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several years later, when the use of semi-inert gases such as carbon dioxide became common. Further developments during the 1950s and 1960s gave the process more versatility and as a result, it became a highly used industrial process. Today, GMAW is the most common industrial welding process, preferred for its versatility, speed and the relative ease of adapting the process to robotic automation. The automobile industry in particular uses GMAW welding almost exclusively. Unlike welding processes that do not employ a shielding gas, such as shielded metal arc welding, it is rarely used outdoors or in other areas of air volatility. A related process, flux cored arc welding, often does not utilise a shielding gas, instead employing a hollow electrode wire that is filled with flux on the inside. (iv) Flux-cored Arc Welding (FCAW) Flux-cored arc welding (FCAW) is a semi-automatic or automatic arc welding process. FCAW requires a continuously-fed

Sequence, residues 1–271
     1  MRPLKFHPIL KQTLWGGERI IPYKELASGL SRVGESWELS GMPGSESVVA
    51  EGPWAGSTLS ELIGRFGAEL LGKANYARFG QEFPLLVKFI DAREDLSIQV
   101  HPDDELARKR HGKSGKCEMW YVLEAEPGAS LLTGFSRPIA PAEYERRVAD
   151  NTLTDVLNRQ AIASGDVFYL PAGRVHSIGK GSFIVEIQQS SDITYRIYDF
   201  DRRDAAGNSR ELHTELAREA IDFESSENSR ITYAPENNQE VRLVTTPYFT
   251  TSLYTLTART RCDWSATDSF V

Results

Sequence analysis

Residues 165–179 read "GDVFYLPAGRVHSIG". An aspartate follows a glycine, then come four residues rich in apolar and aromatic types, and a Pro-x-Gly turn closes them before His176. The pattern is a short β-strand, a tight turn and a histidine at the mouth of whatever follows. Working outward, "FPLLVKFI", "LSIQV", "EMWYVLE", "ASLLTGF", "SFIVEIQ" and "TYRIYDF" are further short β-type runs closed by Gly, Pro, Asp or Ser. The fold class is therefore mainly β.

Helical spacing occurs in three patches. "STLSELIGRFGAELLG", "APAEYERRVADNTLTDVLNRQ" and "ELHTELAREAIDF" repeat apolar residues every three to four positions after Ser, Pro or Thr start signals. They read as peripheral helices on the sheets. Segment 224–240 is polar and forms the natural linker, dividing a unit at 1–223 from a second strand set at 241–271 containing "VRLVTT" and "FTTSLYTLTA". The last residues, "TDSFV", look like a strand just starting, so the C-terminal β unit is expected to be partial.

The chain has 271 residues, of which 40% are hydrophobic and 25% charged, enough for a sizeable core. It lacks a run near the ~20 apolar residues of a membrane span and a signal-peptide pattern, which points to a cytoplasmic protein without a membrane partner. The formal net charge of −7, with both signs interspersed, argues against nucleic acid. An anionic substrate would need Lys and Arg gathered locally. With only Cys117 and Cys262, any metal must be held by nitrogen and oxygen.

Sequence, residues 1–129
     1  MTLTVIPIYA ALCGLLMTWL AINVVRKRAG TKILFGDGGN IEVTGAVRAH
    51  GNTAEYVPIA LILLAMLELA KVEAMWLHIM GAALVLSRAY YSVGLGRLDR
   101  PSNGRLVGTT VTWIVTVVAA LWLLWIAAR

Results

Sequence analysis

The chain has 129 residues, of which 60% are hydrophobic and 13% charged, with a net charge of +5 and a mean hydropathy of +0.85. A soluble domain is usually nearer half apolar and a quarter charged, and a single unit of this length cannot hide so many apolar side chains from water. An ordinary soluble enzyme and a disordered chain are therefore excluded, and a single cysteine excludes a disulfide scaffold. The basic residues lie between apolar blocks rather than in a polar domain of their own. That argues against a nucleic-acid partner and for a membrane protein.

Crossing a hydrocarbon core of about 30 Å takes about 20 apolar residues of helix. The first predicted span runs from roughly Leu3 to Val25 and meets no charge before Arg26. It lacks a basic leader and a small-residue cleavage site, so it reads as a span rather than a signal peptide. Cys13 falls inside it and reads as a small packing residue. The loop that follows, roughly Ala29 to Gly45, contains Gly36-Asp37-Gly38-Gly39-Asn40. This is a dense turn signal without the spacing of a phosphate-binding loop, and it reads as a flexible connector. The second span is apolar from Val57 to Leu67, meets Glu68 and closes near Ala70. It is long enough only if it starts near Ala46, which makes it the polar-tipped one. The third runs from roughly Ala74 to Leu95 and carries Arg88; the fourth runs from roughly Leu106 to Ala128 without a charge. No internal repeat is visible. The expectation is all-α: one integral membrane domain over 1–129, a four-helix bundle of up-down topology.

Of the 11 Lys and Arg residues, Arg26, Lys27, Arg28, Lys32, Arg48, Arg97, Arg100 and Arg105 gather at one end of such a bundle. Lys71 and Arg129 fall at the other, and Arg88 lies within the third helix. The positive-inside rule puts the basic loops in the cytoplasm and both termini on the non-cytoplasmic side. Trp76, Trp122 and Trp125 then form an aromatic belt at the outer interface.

consumable tubular electrode containing a flux and a constantvoltage or, less commonly, a constant-current welding power supply. An externally supplied shielding gas is sometimes used, but often the flux itself is relied upon to generate the necessary protection from the atmosphere. The process is widely used in construction because of its high welding speed and portability. FCAW was first developed in the early 1950s as an alternative to shielded metal arc welding (SMAW). The advantage of FCAW over SMAW is the economic aspect and the continuous process of welding without having to stop to change electrodes as opposed to SMAW that will drastically reduce the probability of defects being developed. This helps FCAW to gain prominence over SMAW.